Roy Devyn Marble's road to the NBA Draft: Part 2

BY RYAN PROBASCO | MAY 07, 2014 5:00 AM

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This is Part II of an ongoing series chronicling former Iowa basketball player Devyn Marble and his preparation for the 2014 NBA Draft.

Scouting the game of basketball is a dynamic, multifaceted skill. Unlike baseball’s natural tendency to highlight one-on-one battles, basketball is a bit more complex, because there are several moving parts and details to account for in each play.

If a player is able to get himself in a position to score an easy basket, scouts must identify several underlying factors. Was that the best shot the player/team could create? Who was guarding the scoring player? Were there ball-screens or a set offense that aided the player’s ability to score? Was the play exemplary of a player’s repeatable skill, or did the play flash an unsustainable action?

These are all questions ESPN draft expert Chad Ford must weigh on a daily basis. Since taking over as a draft analyst at the network in 2002, Ford’s insight and scouting expertise has garnered him the reputation as the go-to voice of reason and knowledge on all things NBA draft.

This year on Ford’s big board, former Iowa guard Devyn Marble currently sits at No. 64, which means he’s a borderline second-round pick.

“Marble is one of the most versatile wings in the country but has suffered from ‘doesn’t do any one thing special’ syndrome,” Ford wrote.

But despite not having the draft’s biggest guru in his corner, Iowa’s former leading scorer hasn’t stopped trying to gain the attention and love of NBA teams prior to June’s draft. Workouts have become habit. A well-prepared and focused routine is now a bigger part of Marble’s life than it ever was.

“Going into the combine, I’ll be able to show all the teams on a national scale,” Marble said. “And then after that, I’ll have my individual team workouts where I’ll be evaluated in a more private setting.”

After Fran McCaffery’s short-lived experiment playing Marble at point guard and sophomore Mike Gesell at shooting guard this past season, Marble flourished coming off screens and working his offensive game from the wing.

In 2013-14, Marble averaged a career best 21.1 points per 40 minutes, pace adjusted.

But though it was clear Marble was much better suited playing the off-guard at the collegie level, he doesn’t believe professional teams have given up on his ball handling and ability orchestrate an offense.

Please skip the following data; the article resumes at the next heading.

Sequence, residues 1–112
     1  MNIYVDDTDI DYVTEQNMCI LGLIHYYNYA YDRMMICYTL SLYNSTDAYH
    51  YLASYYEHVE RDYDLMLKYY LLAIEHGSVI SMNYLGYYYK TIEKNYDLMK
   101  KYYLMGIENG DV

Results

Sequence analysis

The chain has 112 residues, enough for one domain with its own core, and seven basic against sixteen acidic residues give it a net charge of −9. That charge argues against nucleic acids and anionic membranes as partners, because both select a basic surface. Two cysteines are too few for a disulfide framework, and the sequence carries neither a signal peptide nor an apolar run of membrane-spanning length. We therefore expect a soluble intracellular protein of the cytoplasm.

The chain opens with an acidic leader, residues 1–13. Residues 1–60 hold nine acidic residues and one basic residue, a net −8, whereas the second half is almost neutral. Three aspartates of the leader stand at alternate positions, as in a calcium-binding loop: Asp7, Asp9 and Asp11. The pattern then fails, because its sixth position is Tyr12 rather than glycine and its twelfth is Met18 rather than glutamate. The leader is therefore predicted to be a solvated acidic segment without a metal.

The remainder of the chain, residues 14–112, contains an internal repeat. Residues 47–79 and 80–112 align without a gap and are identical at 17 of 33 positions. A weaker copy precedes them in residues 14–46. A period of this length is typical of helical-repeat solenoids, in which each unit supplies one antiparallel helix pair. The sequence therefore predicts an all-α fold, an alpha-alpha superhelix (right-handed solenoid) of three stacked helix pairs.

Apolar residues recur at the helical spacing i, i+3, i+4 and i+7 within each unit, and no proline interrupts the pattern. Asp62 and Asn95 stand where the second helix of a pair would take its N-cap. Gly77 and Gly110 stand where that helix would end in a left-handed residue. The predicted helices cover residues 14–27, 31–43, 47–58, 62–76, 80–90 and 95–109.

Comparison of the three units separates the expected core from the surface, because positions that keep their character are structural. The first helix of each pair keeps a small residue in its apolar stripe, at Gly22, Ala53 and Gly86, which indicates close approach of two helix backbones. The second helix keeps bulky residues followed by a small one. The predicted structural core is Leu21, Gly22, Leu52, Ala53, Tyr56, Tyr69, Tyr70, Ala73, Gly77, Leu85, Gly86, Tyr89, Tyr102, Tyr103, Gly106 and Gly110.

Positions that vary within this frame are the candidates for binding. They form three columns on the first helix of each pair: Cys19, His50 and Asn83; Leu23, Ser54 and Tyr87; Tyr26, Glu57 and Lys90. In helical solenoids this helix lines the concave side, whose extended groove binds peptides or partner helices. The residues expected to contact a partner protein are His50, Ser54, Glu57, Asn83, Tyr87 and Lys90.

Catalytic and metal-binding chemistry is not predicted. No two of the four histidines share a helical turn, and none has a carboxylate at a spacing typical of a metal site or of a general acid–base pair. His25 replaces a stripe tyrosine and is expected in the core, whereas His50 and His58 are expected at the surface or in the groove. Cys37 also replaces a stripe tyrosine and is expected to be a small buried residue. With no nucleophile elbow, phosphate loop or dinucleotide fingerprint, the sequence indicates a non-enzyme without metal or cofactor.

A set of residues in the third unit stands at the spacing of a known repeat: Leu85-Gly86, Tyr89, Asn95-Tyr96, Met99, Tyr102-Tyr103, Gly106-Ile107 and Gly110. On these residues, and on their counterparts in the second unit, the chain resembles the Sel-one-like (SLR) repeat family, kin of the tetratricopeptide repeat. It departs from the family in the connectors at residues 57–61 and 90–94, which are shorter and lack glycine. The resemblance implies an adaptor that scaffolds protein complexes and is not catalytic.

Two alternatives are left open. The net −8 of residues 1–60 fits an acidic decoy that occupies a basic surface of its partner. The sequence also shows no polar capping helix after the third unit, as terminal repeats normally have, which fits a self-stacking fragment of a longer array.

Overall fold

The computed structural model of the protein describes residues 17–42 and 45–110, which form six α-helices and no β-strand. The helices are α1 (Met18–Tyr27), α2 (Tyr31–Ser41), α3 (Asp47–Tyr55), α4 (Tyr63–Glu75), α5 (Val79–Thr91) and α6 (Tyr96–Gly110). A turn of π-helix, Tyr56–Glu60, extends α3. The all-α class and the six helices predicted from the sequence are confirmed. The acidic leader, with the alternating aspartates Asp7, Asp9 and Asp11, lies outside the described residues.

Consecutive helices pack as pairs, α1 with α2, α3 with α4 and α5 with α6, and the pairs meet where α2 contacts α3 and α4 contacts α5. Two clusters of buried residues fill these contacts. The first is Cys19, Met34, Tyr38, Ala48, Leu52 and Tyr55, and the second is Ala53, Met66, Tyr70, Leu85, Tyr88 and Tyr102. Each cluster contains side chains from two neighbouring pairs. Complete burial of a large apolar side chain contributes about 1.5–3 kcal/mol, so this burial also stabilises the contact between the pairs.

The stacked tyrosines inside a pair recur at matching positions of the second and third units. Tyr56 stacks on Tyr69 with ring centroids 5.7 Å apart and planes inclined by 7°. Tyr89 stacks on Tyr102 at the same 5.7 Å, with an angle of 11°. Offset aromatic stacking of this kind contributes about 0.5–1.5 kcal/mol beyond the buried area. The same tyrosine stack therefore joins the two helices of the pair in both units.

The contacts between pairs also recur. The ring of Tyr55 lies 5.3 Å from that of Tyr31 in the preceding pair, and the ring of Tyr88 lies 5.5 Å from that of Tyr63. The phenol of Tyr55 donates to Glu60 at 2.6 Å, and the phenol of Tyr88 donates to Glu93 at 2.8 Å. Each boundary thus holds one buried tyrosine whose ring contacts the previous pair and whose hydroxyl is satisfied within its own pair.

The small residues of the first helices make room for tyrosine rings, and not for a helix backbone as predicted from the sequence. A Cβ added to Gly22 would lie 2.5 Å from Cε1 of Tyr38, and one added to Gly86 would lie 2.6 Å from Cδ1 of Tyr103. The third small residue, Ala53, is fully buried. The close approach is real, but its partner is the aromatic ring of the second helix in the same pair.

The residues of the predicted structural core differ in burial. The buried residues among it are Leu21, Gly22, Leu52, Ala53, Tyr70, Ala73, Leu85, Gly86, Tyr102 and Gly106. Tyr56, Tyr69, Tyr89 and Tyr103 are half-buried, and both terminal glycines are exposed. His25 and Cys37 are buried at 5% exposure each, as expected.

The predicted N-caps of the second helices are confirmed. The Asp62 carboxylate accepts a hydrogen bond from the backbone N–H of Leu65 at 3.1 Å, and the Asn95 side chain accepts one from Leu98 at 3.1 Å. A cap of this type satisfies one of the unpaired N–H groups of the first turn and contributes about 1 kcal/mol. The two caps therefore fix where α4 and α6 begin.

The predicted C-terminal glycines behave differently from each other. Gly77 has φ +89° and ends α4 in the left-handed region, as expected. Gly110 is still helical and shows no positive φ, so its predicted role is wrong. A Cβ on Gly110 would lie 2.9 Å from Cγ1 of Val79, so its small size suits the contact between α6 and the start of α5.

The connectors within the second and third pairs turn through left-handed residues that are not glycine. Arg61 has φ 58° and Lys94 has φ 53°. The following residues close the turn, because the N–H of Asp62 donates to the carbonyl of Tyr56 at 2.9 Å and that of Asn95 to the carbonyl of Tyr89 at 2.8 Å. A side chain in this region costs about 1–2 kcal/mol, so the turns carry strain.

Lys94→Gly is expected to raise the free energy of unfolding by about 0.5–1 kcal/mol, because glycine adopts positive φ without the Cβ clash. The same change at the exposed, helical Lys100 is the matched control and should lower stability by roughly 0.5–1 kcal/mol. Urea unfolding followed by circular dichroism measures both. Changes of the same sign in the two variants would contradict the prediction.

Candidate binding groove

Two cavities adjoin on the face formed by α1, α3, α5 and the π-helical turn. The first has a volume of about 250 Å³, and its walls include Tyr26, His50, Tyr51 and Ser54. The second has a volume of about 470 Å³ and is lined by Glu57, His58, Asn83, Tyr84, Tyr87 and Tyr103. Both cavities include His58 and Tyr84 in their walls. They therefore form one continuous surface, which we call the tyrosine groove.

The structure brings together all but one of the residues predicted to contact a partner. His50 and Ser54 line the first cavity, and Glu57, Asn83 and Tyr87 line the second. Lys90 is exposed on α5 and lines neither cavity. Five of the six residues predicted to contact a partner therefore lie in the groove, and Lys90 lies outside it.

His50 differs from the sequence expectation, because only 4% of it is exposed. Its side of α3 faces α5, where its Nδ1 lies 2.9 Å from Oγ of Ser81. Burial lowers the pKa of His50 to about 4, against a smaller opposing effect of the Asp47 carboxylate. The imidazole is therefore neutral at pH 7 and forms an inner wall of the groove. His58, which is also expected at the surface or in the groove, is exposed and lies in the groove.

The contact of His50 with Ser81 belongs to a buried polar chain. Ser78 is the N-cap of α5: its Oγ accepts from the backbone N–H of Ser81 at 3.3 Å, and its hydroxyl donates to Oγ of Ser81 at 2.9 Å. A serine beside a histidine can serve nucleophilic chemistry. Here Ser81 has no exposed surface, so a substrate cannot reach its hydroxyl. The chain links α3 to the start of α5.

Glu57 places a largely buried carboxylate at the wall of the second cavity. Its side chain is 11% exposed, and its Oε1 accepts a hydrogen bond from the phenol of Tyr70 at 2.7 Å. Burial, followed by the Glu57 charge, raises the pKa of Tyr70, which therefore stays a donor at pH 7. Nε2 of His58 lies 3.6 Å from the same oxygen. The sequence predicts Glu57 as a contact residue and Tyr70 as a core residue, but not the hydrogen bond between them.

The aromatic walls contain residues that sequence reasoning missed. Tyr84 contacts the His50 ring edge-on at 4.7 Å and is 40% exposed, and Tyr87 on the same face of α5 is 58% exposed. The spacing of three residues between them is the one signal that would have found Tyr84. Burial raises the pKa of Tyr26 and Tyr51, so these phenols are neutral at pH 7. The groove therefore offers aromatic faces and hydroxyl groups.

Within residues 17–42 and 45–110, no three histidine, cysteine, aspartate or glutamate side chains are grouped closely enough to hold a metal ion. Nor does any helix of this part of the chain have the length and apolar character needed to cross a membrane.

“I see myself as a combo guard, but what I’ve been hearing is that a lot of the teams are leaning more toward a point guard,” Marble said. “They like me as a big point guard who can also move over to the 2-guard.”

The success of larger guards in the NBA, plus Marble’s versatility at numerous positions, may catapult him up certain teams’ boards. It’s easy to say he doesn’t do one thing extremely well, but it should count for something that he can do just about everything at a fair-to-high level.

“Marble’s all-around game is hard not to like, and he was ‘the’ guy on a deep team last year. I like his shot-creating ability from anywhere on the court,” SB Nation blogger and former CBS Sports contributor Adam Jacobi said. “He reminds me of Manu Ginobili — unorthodox game, won’t wow you with athleticism, but he gets a free shot all the time anyway, happy to take a jumper in the clutch.

“His size is decent, zero red flags for character, he hustles on both ends of the court, spent time at point, improved all four years in college, young for his level of experience … These are all attractive things.”

On a more technical scale, Marble’s game isn’t the most sound. As previously stated, it’s hard to identify elite skills in his repertoire. And he’s certainly not a specialist at any one component of the game.

“The form on his jump shot is a little bit of a mixed bag,” Derek Bodner, a college basketball scout for DraftExpress.com wrote in a scouting report. “He sports a fairly compact motion and a high release point, but that flare in his elbow we mentioned during our last write-up is still present, which could affect the repeatability of the release and may in part be somewhat to blame for his inconsistent results.”

As of now, there’s no definitive answer or guarantees regarding Marble’s draft chances. If he does in fact receive a shot at the professional level, his degree of success — much like scouting the game — will be a dynamic and complex experience.

Will Marble’s versatility and scoring ability overshadow the fact that he doesn’t have any plus-plus skills? Will he be given the opportunity to mesh in a system that fits his style? Does he possess enough projectable talent?

With more than a month left before NBA Commissioner Adam Silver takes the podium at the NBA draft, no one knows for sure if Marble will be drafted. The only certainty is that he has something to prove and minds to change before anyone calls him a lock.

“How much one believes Marble still has left to improve may lead to some disparity in how he is rated across the league,” Bodner noted in his report. “That being said, his size, versatility, and consistent improvement over the course of his career have placed him firmly on the NBA radar, and it would be very surprising if he didn’t start his career on a NBA roster and given an opportunity to show he has what it takes to carve out a niche.”

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